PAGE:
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Report No. 58

Challenges against quasi-judicial decisions

2.27. As the position stands at present, the Constitution leaves it open to a party aggrieved by a decision of a judicial or quasi-judicial authority on many matters to approach the Supreme Court1 and seek special leave to appeal from the decision of the authority, or to challenge certain action of a judicial or a quasi-judicial authority before the High Court in its writ jurisdiction. The parties cannot be blamed for invoking the constitutional jurisdiction. But, in respect of certain matters, which are of a very specialised character, the question to be considered was whether a specialised judicial machinery could be set up or certain changes could be made in the existing procedure so that justice could be done better and more speedily.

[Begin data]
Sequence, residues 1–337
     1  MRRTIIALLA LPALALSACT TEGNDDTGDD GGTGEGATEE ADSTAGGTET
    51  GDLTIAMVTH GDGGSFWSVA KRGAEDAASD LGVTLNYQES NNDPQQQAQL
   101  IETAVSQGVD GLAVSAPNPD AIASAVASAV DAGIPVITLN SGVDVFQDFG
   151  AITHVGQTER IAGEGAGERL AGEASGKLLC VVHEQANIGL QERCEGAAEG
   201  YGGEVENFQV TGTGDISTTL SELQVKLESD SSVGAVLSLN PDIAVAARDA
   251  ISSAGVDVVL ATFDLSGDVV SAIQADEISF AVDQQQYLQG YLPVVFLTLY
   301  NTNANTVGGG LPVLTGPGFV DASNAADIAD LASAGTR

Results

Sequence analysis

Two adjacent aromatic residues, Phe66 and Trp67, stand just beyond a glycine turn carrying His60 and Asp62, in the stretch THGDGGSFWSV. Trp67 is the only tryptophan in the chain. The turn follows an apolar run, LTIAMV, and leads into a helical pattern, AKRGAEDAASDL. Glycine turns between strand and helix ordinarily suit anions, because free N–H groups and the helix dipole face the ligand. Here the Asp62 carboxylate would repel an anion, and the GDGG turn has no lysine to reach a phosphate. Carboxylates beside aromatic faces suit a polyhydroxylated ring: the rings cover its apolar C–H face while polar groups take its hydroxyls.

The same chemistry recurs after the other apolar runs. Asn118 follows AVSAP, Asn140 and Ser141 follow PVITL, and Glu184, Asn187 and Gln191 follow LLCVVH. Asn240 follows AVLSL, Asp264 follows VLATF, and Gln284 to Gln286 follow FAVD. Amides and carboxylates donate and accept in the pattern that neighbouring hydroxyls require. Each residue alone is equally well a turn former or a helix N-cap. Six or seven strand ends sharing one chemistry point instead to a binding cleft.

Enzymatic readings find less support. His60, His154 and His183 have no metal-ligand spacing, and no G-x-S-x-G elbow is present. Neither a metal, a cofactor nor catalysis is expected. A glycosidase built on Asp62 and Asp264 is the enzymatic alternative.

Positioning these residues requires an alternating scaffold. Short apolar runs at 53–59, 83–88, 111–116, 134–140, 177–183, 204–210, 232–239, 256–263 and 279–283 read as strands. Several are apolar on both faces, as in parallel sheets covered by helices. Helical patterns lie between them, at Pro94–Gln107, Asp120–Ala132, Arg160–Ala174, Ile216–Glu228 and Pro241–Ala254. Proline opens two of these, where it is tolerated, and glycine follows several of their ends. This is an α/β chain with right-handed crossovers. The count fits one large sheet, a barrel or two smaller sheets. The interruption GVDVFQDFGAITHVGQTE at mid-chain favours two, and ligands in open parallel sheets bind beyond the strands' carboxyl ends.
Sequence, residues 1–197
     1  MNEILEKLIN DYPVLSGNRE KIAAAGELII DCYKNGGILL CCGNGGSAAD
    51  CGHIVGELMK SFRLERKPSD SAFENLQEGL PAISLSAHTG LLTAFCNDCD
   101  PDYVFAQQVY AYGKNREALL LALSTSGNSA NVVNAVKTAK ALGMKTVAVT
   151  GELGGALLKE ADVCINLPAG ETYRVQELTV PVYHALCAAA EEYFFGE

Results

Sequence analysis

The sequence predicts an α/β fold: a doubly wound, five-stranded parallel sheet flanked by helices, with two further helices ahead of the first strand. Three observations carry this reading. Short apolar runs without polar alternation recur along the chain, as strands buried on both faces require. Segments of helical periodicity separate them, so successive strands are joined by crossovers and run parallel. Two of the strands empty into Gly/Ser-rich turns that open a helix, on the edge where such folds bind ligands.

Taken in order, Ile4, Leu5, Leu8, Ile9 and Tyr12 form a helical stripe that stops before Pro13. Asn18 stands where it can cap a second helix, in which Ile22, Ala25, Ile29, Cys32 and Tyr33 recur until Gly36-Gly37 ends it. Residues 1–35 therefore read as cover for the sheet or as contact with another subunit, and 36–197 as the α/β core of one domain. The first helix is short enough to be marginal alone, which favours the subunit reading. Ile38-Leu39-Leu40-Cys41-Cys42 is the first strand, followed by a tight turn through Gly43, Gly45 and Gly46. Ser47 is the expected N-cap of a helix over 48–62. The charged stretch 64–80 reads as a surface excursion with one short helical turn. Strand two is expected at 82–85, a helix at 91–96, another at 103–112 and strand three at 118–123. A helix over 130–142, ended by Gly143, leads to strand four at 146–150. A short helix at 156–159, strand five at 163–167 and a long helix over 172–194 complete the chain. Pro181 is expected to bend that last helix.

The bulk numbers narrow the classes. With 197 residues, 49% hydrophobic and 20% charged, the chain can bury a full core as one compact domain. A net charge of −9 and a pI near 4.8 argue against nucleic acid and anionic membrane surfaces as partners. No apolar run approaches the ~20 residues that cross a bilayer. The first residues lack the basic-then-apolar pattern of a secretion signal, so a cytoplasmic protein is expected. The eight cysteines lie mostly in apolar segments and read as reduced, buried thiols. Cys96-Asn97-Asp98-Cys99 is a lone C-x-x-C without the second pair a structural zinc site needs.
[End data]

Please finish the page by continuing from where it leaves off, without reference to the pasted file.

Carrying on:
1. See para. 9 to 11 of the prefatory note to the Questionnaire (quoted in Chapter 1).

Structure and Jurisdiction of the Higher Judiciary Back

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